William Alfred Buckingham (William Alfred Buckingham)
William Alfred Buckingham entered into a career in the mercantile industry, and in 1848 helped to organize the Hayward Rubber Company, a business that developed into a successful enterprise. Buckingham served as the mayor of Norwich, Connecticut from 1849 to 1850, and again from 1856 to 1857. He also served as Norwich’s town treasurer and a member of the city council. Winning the 1858 Republican gubernatorial nomination, Buckingham was elected and served as the 41st Governor of Connecticut. He was reelected to the governorship the next seven years, serving from May 5, 1858, until May 2, 1866. During his tenure, he dealt successfully with the effects of an economic panic that occurred in the state and with the outbreak of the Civil war. Buckingham arranged for troops, with 54 companies enlisting instead of 10. Before the General Assembly appropriated $2 million for military expenses, Buckingham had begun borrowing money in his own name to finance Connecticut’s war efforts.
The outbreak of the Civil War was the major reason for Buckingham’s long tenure as Connecticut’s governor. A strong supporter of Abraham Lincoln, William Alfred Buckingham hosted Lincoln when Lincoln campaigned in Connecticut, and a personal friendship formed between them. When the President called on the Northern governors to assist him in prosecuting the war, Buckingham worked seven days a week, twelve hours a day. The state’s major correspondent with the Federal government, he read and answered letters from troops in the field and visited troops at war as well as at home. Concerned for the welfare of Connecticut troops, he oversaw much of the procurement of men and materials for the war, and he is quoted as saying to an official in Washington: “Don’t let any Connecticut man suffer for want of anything that can be done for him. If it costs money, draw on me for it.” It is estimated that Connecticut sent 54,882 soldiers to fight in the Civil War. In 1862, the United States Congress passed an act allowing for the enlistment of colored soldiers, and in November 1863, Buckingham persuaded the Connecticut General Assembly to authorize a state regiment of black soldiers, the first of which was to be the Twenty-Ninth. Buckingham is known as a “War Governor” for his work. William Alfred Buckingham declined renomination in 1866, and after leaving office, was elected to the U.S. Senate on March 4, 1869, and served until his death on February 5, 1875. While in the Senate, Buckingham served as chairman of the U.S. Senate Committee on Engrossed Bills, the U.S. Senate Committee on Investigation and Retrenchment, and the U.S. Senate Committee on Indian Affairs. Buckingham died in Norwich on February 5, 1875 (age 70 years, 253 days). He is interred at Yantic Cemetery, Norwich, Connecticut.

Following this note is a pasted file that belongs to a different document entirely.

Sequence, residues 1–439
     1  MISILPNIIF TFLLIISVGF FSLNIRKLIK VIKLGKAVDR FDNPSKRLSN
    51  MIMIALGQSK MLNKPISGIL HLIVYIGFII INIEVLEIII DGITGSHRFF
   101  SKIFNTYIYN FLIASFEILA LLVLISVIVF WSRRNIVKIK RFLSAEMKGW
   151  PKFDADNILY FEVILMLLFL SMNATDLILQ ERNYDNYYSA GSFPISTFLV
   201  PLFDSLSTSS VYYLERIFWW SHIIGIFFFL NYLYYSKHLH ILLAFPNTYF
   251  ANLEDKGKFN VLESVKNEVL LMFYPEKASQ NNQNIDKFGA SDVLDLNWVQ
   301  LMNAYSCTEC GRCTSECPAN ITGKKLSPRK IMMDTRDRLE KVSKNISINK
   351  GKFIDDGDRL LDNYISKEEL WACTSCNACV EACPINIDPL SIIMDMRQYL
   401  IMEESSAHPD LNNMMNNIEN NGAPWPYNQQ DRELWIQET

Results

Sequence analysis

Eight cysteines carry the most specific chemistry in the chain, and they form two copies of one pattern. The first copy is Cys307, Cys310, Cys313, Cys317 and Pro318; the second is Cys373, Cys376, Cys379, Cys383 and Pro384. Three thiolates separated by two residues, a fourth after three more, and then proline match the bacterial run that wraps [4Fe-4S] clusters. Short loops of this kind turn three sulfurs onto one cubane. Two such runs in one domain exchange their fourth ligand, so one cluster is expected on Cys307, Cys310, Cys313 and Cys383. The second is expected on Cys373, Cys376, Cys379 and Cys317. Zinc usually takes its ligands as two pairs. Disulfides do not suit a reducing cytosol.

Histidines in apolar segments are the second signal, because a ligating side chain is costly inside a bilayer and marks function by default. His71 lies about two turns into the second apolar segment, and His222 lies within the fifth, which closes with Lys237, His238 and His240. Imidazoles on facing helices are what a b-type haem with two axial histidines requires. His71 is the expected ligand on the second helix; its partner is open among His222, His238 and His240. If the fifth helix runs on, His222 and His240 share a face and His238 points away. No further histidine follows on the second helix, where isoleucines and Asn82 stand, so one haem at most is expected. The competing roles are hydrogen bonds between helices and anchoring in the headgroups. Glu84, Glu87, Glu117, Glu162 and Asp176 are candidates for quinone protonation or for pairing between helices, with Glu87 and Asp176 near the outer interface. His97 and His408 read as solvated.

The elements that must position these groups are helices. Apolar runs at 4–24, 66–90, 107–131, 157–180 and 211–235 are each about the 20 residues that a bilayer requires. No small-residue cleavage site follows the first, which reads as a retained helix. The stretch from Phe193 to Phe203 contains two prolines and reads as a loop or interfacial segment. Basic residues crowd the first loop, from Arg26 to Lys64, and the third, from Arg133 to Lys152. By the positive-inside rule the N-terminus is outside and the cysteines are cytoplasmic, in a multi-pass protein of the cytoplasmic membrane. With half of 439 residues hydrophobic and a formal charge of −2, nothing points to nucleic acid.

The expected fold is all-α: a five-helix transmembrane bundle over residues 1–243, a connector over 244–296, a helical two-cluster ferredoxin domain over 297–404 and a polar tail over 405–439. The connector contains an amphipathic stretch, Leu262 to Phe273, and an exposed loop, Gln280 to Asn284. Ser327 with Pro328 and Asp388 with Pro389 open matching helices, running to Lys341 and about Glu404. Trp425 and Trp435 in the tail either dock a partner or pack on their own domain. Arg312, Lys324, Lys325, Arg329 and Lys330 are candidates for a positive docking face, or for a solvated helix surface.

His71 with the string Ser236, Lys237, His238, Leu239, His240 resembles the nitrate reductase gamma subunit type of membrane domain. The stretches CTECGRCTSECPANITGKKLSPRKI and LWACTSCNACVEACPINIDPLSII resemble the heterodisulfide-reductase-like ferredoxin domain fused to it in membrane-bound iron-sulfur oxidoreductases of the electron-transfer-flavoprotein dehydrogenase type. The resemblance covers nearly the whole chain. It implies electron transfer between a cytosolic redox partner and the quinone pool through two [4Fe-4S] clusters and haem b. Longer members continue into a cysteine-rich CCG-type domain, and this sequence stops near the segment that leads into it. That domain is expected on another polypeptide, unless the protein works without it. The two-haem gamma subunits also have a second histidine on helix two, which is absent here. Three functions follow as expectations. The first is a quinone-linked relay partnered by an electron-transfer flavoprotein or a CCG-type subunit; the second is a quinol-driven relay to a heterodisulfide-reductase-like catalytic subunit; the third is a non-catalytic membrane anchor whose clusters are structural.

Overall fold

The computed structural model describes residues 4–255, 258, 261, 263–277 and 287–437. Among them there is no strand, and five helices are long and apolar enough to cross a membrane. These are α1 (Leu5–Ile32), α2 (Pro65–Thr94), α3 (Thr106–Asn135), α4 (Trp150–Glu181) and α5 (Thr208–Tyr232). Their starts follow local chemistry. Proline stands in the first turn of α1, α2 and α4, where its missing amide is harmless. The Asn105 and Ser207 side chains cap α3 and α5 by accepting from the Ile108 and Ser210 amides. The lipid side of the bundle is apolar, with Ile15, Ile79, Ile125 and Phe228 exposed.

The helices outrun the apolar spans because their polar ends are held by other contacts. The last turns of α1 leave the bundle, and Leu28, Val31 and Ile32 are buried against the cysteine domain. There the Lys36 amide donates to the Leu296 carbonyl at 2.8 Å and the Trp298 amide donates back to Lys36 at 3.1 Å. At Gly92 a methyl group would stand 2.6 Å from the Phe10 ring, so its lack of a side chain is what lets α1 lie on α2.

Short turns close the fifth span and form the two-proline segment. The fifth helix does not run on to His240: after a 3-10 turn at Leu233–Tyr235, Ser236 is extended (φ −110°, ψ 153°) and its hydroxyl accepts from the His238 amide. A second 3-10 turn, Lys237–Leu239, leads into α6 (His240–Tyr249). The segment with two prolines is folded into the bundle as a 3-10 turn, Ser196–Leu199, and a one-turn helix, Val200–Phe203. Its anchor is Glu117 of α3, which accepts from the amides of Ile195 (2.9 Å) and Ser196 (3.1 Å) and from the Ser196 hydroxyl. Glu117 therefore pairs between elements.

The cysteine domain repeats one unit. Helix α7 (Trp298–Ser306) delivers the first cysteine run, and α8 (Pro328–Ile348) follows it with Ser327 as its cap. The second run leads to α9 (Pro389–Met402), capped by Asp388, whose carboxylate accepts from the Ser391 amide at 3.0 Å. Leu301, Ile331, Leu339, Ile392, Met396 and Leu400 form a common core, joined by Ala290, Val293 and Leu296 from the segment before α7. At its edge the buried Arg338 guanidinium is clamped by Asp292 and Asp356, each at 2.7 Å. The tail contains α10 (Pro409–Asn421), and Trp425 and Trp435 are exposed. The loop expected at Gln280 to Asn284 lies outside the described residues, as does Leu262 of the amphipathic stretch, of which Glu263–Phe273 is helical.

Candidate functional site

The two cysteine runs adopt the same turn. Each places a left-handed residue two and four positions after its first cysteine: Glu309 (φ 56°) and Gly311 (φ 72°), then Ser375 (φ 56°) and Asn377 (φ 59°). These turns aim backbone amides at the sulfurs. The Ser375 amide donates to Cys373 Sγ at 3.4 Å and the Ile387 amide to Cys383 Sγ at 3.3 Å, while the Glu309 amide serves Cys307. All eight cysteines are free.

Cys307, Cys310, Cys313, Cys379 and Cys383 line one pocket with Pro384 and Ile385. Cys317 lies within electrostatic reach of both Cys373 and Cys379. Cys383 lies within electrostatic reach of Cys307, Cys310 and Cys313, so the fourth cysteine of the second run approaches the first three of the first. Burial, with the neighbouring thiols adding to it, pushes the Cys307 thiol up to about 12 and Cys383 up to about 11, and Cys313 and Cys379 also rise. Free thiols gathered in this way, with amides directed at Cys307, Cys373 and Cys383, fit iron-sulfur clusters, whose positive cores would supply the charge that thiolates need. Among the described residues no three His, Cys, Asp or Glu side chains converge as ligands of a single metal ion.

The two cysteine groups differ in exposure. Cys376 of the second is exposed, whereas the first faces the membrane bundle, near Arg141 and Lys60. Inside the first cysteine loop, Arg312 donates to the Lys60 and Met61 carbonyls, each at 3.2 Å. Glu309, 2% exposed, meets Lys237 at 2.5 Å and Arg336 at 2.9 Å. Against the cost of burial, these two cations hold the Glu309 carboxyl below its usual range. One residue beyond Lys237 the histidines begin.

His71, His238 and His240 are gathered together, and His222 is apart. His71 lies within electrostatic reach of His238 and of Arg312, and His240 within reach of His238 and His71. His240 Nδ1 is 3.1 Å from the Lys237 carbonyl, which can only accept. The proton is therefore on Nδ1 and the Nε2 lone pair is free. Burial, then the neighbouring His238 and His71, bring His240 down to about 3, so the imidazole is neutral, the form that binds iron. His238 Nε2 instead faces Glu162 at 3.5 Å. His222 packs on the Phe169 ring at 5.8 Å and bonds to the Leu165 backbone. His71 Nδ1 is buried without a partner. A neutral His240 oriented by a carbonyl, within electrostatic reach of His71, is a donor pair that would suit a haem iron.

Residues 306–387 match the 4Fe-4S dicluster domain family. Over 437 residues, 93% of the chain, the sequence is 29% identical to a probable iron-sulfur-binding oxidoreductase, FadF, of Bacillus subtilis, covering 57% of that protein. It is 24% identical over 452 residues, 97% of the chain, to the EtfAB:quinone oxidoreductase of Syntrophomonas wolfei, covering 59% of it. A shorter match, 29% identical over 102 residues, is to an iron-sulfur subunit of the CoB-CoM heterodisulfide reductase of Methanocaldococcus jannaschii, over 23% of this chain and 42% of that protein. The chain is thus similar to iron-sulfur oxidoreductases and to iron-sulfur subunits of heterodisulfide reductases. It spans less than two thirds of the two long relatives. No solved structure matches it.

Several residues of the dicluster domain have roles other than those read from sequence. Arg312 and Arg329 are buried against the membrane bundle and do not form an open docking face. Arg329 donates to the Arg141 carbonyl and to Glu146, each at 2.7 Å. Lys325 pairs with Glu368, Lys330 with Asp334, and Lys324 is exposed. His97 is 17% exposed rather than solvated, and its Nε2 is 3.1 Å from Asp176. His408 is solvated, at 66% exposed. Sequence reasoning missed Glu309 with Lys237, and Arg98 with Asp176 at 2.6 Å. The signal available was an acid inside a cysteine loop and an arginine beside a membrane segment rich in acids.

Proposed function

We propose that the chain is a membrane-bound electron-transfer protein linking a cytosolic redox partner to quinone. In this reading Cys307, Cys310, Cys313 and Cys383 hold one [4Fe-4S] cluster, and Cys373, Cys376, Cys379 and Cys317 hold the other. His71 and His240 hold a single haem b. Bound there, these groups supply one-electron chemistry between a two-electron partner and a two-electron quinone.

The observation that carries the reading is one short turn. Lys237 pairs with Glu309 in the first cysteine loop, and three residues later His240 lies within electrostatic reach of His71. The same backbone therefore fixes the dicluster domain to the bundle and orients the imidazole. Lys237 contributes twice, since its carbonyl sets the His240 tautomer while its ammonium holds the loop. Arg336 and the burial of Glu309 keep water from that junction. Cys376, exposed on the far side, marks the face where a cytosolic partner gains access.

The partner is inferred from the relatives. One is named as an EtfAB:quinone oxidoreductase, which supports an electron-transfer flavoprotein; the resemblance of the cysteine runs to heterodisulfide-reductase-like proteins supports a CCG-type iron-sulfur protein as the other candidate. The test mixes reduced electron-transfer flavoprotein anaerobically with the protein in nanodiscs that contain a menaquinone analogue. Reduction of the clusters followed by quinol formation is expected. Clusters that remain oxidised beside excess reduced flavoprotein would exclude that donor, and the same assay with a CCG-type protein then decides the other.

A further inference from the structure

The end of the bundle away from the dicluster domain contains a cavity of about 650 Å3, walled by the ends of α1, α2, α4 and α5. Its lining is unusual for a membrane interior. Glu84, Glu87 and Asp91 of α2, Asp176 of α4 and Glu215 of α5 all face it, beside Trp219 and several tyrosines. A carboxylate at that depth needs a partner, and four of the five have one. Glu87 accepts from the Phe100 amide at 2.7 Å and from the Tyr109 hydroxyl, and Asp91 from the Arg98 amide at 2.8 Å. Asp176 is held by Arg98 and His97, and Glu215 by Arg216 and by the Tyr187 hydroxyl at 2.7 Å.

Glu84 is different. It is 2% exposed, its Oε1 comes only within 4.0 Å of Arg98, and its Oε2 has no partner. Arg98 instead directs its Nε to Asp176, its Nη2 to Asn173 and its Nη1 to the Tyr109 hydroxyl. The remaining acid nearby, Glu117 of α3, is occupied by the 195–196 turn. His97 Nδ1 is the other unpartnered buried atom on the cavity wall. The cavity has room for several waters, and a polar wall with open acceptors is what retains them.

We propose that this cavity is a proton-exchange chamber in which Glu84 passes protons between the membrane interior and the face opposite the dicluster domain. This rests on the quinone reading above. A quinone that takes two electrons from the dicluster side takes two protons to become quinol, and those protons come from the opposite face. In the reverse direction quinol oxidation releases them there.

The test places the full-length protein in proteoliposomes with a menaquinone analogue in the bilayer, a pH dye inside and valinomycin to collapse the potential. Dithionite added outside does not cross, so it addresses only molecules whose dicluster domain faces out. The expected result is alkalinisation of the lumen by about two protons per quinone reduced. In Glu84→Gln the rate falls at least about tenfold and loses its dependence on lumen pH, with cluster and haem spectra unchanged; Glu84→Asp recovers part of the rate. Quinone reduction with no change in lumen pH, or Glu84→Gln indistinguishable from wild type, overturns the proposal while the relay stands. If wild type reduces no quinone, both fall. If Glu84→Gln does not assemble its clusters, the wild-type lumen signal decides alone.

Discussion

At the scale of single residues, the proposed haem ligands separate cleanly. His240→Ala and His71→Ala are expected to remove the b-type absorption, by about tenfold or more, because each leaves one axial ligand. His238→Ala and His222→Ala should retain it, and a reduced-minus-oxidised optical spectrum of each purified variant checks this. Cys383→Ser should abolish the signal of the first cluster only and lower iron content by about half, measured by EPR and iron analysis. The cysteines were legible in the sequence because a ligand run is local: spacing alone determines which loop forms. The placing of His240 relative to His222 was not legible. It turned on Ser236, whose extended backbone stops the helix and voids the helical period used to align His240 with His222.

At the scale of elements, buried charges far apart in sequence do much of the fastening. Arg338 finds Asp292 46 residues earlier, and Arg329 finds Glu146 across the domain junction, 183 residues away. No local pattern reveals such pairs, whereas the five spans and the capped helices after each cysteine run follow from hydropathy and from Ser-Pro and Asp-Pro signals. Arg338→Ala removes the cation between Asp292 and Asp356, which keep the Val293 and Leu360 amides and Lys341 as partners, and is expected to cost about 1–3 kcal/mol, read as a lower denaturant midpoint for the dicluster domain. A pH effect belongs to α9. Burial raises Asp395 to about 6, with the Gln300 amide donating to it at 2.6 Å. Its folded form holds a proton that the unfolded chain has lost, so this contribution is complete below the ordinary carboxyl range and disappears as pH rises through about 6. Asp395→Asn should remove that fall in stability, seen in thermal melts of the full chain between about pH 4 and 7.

- May, 28, 1804
- Lebanon, Connecticut
- February, 05, 1875
- Norwich, Connecticut
- Yantic Cemetery
- Norwich, Connecticut